A steady decline in the cost of solar power, combined with generous federal and state incentives, is making solar energy a more viable alternative than ever for powering warehouses and distribution centers, Thomas R. Hunton told attendees at the WERC conference.
Hunton is the president and CEO of American Capital Energy, an integrator of electric- and solar-power systems. He said that the cost of developing and building solar systems has been falling, on average, 5 percent a year. Solar investment is also aided by federal tax credits equal to 30 percent of the project's costs as well as subsidies in many states equivalent to one-fourth to one-half of the investment.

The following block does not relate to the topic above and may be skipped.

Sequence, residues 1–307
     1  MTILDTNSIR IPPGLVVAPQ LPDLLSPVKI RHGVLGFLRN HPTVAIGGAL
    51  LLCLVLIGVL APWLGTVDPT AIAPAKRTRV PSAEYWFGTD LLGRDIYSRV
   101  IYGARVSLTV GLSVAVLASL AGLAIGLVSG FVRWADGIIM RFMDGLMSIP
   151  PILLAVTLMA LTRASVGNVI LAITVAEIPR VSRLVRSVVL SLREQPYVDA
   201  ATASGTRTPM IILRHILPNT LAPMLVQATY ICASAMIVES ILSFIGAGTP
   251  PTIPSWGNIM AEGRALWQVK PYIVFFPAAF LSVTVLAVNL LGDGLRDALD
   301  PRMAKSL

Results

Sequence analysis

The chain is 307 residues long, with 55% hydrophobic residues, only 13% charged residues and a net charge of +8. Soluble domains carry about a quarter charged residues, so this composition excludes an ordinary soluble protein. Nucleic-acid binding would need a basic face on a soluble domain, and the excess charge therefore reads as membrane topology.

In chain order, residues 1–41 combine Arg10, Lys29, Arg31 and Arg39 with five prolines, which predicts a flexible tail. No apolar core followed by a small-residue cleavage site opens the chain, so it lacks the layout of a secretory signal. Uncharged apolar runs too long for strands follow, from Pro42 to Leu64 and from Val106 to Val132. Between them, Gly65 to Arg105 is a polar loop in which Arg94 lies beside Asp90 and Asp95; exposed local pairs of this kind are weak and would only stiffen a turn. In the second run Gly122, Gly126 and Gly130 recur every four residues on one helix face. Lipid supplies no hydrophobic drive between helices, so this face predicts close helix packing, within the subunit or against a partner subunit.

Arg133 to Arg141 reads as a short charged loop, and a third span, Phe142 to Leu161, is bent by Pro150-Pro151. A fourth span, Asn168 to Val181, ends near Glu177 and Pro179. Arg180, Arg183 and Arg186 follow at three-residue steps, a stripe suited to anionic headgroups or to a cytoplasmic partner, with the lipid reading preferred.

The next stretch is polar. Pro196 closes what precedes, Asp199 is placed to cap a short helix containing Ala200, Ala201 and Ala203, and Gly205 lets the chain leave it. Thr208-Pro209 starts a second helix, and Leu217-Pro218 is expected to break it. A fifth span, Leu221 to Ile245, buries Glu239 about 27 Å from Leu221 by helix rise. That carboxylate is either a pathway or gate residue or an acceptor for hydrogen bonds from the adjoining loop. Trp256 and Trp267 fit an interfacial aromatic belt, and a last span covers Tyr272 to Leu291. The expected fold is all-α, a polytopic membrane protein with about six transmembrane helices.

Companies that pay for the system out of pocket can expect to get a full return on their investment in four to six years after federal and state government subsidies are factored in, said Hunton. Companies that finance the transaction can expect an eight- to 12-year payback window.
Because solar systems generally have a 30- to 50-year design life, the energy savings over the decades can be significant. Hunton used as an example a company buying a $7.9 million solar system to power a facility. By the fifth year, the company's energy savings had allowed it to recoup all of its initial investment. Net energy savings in the subsequent 20 years—savings minus ongoing cost—would approach $10 million, Hunton said.